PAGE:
Though most people are away at work when we call on them, every fifth house or so a person will actually open the door when we ring. Usually people are courteous to us. Once in a in a very great while someone will be rude. Former pastor Bill Tuininga had a funny experience, once, which he handled with grace. As he came to the door a man growled: “No junk mail!” Bill returned, “You don’t want junk mail, but how about some junk food?” The man laughed, and accepted the gift.
I noticed something this year I had not noticed before. When I said to those answering the door: “Merry Christmas from Bethel Church,” and gave them the gift, people had little reaction. It struck me that they might have even been a tad suspicious - like the gift might be a gimmick to get them to come to church. But then I would continue, “This is our way of saying ‘thank you’ for putting up with us all year. You have been patient with our parking in front of your house, and we appreciate you.” It was at that point, people would inevitably break into a smile, and say something like, “Oh, it’s no problem at all. Glad to do it.”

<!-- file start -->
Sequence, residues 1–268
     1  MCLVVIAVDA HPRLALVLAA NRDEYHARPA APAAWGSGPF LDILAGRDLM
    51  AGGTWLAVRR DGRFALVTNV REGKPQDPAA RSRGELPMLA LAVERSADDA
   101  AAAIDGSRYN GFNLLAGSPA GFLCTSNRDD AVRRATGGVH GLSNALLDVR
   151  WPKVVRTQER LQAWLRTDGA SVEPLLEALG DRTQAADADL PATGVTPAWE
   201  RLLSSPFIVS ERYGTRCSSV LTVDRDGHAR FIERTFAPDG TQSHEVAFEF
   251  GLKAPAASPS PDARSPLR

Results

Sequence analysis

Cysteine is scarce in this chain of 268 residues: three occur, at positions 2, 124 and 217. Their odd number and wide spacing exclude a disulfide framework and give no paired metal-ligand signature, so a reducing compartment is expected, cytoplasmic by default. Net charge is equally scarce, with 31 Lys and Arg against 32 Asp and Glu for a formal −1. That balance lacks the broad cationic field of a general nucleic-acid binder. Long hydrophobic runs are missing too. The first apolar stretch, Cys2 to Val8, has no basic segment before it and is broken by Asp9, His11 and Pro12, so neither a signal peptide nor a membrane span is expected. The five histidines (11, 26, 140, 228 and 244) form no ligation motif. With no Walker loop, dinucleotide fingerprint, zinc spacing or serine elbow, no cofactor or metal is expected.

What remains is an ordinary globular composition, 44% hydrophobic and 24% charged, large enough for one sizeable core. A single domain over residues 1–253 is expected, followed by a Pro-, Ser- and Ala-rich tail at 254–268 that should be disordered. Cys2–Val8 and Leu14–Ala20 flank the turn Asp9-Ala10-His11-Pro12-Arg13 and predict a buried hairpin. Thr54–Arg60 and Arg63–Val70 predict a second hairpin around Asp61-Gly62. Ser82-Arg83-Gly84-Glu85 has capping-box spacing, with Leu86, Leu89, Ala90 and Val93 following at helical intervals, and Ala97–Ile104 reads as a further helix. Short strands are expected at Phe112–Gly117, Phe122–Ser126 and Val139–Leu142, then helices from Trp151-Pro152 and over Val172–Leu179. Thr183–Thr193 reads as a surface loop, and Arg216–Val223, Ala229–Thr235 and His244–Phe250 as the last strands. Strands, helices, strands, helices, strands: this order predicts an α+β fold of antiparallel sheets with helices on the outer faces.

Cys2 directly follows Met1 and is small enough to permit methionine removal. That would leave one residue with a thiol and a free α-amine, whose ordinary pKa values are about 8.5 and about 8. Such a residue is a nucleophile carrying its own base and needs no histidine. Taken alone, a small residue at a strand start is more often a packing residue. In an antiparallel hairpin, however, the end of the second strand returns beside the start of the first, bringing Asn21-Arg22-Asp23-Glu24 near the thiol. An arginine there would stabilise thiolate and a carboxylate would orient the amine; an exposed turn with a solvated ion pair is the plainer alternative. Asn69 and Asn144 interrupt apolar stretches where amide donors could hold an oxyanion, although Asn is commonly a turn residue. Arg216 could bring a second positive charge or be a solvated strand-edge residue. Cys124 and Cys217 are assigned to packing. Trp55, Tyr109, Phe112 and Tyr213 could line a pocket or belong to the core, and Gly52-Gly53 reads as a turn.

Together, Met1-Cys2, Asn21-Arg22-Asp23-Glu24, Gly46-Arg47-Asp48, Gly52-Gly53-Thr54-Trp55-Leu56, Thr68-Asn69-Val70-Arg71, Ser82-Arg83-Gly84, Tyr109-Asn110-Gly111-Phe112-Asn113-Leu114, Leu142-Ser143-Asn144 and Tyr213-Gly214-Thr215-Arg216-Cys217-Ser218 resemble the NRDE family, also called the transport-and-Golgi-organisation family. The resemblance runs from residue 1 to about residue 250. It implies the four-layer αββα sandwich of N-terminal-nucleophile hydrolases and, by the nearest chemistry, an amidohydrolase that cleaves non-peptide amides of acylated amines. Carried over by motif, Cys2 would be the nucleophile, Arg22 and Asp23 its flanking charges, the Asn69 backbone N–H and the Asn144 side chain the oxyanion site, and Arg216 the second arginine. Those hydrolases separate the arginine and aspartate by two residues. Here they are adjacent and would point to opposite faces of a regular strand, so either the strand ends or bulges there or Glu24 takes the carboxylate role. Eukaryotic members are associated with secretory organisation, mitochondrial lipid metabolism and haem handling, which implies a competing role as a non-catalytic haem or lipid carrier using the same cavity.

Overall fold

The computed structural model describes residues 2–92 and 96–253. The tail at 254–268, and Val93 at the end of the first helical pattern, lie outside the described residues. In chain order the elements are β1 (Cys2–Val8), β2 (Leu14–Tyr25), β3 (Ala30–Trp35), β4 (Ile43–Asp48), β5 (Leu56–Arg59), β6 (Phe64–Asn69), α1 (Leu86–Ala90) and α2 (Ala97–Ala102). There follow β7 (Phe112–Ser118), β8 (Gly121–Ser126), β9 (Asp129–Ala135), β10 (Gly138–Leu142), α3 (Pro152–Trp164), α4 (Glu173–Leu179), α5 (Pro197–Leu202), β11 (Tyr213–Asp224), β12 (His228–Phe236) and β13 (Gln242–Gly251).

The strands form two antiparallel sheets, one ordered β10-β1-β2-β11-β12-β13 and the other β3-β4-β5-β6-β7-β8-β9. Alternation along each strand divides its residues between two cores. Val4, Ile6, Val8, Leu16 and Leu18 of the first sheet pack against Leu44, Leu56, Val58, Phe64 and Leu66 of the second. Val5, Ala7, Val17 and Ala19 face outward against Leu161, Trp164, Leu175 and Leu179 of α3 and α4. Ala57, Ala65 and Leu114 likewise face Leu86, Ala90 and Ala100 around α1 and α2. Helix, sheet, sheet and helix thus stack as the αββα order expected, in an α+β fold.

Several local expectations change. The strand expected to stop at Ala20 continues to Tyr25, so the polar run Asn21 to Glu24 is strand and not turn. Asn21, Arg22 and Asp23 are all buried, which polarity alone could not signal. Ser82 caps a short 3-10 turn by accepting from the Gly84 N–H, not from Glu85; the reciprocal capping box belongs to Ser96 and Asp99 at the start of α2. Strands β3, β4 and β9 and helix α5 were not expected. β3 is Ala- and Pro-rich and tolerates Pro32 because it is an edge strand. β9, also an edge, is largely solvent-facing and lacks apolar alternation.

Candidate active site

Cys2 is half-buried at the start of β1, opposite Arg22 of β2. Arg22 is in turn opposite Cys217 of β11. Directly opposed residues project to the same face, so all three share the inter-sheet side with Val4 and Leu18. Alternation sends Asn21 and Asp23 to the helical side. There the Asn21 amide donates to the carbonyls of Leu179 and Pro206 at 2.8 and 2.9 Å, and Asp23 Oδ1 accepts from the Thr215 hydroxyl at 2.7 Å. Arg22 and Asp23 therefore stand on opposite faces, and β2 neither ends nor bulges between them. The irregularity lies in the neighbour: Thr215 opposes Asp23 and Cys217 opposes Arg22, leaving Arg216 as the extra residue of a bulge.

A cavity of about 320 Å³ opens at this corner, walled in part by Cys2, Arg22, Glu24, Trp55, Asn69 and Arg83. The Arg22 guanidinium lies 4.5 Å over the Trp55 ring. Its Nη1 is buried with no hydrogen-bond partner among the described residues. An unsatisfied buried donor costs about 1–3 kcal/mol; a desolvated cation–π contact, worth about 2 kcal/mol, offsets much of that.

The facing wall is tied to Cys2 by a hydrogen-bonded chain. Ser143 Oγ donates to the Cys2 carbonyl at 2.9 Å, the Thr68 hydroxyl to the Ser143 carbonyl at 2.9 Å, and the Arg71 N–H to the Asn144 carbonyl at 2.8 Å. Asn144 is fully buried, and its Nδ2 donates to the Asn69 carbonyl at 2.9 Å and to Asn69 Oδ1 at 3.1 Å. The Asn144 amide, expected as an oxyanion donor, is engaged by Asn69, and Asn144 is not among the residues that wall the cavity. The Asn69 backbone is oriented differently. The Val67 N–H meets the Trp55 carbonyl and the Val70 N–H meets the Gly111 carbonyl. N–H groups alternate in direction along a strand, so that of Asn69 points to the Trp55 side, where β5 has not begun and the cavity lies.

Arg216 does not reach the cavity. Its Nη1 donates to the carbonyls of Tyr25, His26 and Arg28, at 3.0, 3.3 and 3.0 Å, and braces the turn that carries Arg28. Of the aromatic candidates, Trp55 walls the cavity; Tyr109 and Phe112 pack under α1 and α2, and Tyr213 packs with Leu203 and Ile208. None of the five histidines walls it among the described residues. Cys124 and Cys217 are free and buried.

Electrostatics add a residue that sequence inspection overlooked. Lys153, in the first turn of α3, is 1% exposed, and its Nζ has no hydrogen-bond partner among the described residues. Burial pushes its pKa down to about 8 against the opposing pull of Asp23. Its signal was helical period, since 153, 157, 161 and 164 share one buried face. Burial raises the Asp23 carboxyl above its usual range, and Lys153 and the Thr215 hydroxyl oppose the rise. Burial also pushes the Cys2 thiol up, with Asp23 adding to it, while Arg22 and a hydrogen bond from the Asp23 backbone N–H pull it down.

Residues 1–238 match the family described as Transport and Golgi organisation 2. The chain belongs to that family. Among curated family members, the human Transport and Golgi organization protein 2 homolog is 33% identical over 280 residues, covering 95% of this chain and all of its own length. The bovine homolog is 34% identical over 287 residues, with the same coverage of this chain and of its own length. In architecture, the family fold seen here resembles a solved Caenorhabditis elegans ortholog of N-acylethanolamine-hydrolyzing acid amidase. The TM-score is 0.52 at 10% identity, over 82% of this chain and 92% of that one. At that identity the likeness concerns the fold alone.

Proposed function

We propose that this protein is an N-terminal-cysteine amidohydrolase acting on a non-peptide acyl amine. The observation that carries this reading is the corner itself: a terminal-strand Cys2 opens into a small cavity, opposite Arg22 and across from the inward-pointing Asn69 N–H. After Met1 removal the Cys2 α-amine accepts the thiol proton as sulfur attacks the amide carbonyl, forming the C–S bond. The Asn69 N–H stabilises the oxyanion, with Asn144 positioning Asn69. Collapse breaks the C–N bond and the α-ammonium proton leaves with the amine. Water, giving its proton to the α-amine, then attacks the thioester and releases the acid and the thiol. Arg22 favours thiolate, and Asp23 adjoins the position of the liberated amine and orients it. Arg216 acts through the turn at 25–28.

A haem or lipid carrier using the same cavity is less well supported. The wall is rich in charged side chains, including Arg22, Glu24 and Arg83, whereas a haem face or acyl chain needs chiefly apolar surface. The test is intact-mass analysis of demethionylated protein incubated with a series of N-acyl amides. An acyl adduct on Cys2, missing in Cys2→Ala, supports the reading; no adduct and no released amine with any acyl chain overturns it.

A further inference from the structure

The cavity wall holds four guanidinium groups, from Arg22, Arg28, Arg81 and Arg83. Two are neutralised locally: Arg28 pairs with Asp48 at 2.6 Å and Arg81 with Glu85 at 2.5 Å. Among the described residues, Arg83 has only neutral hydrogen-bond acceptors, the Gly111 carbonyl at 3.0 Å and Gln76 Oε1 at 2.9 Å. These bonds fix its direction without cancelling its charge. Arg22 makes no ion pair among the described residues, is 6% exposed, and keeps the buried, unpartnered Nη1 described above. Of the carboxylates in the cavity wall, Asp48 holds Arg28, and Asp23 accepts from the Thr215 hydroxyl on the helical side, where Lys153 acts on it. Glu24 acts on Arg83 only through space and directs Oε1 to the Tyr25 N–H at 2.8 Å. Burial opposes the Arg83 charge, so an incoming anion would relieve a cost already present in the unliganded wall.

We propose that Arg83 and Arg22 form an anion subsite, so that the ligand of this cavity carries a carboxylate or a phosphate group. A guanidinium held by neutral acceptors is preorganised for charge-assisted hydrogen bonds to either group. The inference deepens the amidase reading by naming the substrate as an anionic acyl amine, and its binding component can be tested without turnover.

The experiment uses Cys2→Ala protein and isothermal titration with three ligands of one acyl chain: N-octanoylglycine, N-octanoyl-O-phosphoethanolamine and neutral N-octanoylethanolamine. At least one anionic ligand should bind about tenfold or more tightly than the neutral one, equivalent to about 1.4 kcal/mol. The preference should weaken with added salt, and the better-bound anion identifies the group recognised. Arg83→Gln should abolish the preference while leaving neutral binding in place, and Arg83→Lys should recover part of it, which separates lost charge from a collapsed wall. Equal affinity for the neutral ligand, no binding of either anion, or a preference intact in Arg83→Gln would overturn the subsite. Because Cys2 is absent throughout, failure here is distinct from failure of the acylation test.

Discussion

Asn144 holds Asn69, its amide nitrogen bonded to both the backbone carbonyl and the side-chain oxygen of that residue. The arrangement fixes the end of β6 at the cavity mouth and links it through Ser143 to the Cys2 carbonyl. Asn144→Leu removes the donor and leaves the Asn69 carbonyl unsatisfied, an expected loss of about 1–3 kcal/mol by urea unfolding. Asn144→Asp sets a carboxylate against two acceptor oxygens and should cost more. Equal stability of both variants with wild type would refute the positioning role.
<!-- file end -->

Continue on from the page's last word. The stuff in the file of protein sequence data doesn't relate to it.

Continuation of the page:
I think this reaction by our neighbours illustrates an important principle. Sometimes Christians try to witness from a position of strength - as, if to say: “I’m doing this for you so that you will be impressed with how I am behaving.” However unintended, this puts the focus on us, and this is not right. Our witness should always point away from us to Christ. The spirit of Christ is to be humble. When we are humble we serve without self-consciousness and are able to acknowledge how others have enriched us even as we have enriched them. –Pastor Tom
Our WillowWood Preschool continues to thrive. The program is clearly affecting the lives of the children who attend.
Recently, teachers told the children that Christmas is Jesus’ birthday. This came as a surprise to some of them. They thought that Halloween was when we celebrate His birth. Many others did not even know that Jesus came to earth as a baby! They associate Christmas only with gifts and Santa.